Science

Lab Meat and Elon Musk

PHOTO COMER JUST / REUTERS

Chicken made in the laboratory by the company Eat Just

Sylvain Charlebois

Sylvain Charlebois
Senior Director, Laboratory of Agri-Food Analytical Sciences, Dalhousie University

Lab-grown meat could become a reality in Canada by 2025, but the road ahead is difficult.

Posted on October 1, 2021 at 9:00 am

Leonardo DiCaprio is using his mega-ship power to invest in two young American companies that make lab-grown meat from animal cells, of course.

DiCaprio himself had invested in a plant protein company even before the plant phenomenon took hold. This business was none other than Beyond Meat, which is now worth more than $ 8 billion. He had scented the right treatment long before many of us. However, the idea of ​​replacing the animal husbandry industry with laboratories is simply fascinating.

The idea of ​​seeing humanity benefit from animal protein without raising livestock is very intriguing. In a few years, we could grow meat in laboratories, and even in our own kitchens, using small stainless steel bioreactors. All the problems that meat slaughter plants had to face during the pandemic, the shutdowns, the numerous meat recalls could be a thing of the past.

Singapore legalized the sale of laboratory chicken last year and many other countries are considering doing the same.

A report by McKinsey & Co. recently suggested that the global cultured meat market could reach $ 25 billion by 2030. Forecasts also suggest that the cost of production will drop significantly over the next nine years, from more than $ 10,000 per year. pound at about $ 2.50. a pound, a staggering reduction.

By some estimates, livestock consume about 25 calories of plant matter for every calorie of edible protein they produce for the market. In the case of chickens, the ratio of meat and plant is more efficient, since they consume 9 to 10 calories of feed for each calorie of edible protein produced. Lab-grown meat would provide a 4-to-1 ratio, or less than half of what chickens need. Comparisons even become very difficult to make. And as the Western world increasingly collects carbon and penalizes pollution, our new production and distribution economy will foster more sustainable production of animal protein.

Find the correct formula

But science hasn’t completely uncovered the mystery of cultured meat. Around the world, there are more than 100 different research projects funded by many venture capitalists and philanthropists. On several occasions, cultured meat companies have missed their product launch dates. Therefore, finding the right formula and product is not so easy.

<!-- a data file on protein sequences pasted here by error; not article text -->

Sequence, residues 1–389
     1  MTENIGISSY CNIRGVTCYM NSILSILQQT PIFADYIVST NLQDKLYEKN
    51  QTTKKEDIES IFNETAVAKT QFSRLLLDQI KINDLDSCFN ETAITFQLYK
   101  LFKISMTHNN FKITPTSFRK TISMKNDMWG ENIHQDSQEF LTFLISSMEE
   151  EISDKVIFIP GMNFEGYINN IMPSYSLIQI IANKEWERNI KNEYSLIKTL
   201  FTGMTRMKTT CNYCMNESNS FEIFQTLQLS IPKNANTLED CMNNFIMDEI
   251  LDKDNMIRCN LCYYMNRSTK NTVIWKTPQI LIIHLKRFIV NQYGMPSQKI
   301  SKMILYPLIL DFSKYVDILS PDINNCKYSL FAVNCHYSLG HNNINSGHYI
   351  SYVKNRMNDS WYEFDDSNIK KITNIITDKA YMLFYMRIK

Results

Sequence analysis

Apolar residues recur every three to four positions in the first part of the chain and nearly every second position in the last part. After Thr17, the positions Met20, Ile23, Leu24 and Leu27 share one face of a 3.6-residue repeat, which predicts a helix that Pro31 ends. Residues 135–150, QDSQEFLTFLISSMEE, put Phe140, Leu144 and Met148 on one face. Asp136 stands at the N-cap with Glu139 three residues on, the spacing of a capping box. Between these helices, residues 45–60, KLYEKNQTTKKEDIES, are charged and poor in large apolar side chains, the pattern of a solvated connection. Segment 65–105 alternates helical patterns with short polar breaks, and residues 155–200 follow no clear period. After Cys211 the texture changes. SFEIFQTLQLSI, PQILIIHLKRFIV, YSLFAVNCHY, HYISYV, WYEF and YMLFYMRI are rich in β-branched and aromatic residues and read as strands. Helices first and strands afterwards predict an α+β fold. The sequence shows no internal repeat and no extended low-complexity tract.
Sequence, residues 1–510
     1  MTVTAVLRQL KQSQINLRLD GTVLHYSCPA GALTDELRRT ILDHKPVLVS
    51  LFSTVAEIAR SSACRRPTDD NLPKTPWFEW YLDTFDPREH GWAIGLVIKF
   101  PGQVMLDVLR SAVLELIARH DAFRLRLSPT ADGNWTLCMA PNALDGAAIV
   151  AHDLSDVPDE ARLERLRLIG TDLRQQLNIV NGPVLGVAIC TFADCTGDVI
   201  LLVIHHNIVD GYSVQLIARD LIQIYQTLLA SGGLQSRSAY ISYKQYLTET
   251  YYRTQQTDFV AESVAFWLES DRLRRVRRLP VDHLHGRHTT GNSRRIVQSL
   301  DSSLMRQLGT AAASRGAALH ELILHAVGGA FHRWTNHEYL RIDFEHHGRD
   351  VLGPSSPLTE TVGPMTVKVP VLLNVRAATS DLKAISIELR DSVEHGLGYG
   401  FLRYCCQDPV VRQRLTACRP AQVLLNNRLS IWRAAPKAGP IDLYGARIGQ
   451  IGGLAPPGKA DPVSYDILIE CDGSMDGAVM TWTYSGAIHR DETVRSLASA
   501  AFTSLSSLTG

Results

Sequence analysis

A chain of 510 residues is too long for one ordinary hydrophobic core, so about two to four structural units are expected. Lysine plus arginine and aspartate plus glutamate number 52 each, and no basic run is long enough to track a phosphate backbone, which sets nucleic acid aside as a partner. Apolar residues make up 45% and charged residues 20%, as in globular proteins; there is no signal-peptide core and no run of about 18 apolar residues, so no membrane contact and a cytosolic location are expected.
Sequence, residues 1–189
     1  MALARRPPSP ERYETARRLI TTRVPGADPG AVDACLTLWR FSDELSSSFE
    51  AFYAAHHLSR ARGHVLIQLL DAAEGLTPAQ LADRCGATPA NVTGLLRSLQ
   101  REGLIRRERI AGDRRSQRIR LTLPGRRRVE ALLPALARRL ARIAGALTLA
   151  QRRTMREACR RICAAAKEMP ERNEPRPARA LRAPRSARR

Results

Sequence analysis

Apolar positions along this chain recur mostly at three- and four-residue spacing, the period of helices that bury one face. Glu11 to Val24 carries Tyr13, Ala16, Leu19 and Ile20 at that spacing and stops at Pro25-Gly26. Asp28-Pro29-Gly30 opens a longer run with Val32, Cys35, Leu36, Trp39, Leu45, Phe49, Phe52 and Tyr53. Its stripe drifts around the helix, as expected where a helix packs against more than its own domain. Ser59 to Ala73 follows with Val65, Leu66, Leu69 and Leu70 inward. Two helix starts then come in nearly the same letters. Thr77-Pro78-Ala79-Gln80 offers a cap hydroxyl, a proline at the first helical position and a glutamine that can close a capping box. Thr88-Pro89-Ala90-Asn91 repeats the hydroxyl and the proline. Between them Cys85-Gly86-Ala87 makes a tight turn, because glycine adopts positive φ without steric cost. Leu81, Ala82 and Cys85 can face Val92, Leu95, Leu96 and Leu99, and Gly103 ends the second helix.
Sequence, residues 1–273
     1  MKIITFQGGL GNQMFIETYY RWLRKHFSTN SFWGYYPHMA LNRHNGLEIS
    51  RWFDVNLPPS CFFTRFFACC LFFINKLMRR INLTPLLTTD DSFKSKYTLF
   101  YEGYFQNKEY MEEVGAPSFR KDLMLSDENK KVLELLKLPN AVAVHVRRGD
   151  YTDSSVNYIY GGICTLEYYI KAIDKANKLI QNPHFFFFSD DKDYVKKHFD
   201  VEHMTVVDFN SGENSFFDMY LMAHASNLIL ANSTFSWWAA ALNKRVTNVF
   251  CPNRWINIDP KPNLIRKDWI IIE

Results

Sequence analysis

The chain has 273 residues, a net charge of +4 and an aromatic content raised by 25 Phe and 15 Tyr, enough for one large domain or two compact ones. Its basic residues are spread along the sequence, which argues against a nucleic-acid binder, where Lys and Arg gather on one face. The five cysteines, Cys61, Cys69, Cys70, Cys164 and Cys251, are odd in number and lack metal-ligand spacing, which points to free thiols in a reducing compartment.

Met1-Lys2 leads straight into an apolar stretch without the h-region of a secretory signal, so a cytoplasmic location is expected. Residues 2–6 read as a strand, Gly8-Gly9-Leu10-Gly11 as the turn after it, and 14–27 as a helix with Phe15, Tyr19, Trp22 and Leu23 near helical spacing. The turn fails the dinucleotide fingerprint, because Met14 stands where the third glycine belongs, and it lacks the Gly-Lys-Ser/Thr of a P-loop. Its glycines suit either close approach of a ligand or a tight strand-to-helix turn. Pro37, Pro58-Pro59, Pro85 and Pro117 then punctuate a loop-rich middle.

Furthermore, the idea that laboratory meat has a future will not be readily accepted by the public. Food is part of our culinary culture and traditions that have given meat a privileged role for several centuries, at least in North America. Allowing labs to replace trusses will not be done with scissors.

More importantly, the occupation of the territory will become a very important issue. With fewer animals to feed, we have to ask ourselves what our agricultural land in the region will be used for.

More farmed meat in our diet can mean fewer farms, fewer farmers, which will undoubtedly jeopardize the prosperity of our rural economy. Without a doubt, it will be a great challenge to face in Canada, one of the largest countries in the world. Hopefully many groups will resist, as we’ve seen lately with the plant protein movement.

Labelled

Labeling will be another problem. The cost of producing lab-grown meat will eventually be lower than that of traditional products. This could make animal protein more affordable, if it is labeled that offers consumers choice. But as seen with genetically modified salmon in Canada which costs almost 60% less to produce, consumers have no chance of prices falling due to these new technologies. Some shopkeepers will publicly boycott the product, but will still sell it in a more processed form. It is a frankly dishonest situation.

Lab-grown meat has the potential to change our relationship with animal protein. But as with many other disruptive and revolutionary technologies that can better serve our planet, the change promises to be arduous.

Elon Musk understood long ago that to give the electric car its rightful place, it was necessary at the same time to eliminate the powerful cartels of car dealers, the influence of the oil industry and the incredible economic weight of the automakers. He had to develop a strong case for the electric car for consumers, and he did. Musk became the communicator and dreamer that the electric car needed and thus built an entire ecosystem to support the new technology and make it more accessible. 15 years ago, many people thought of Elon Musk as a crazy individual with outlandish ideas. His Tesla business is now worth more than $ 700 billion; a simply incredible story.

If we want to give lab-grown foods a chance to market, the industry will need its own Elon Musk. Or maybe that person is Leonardo DiCaprio.

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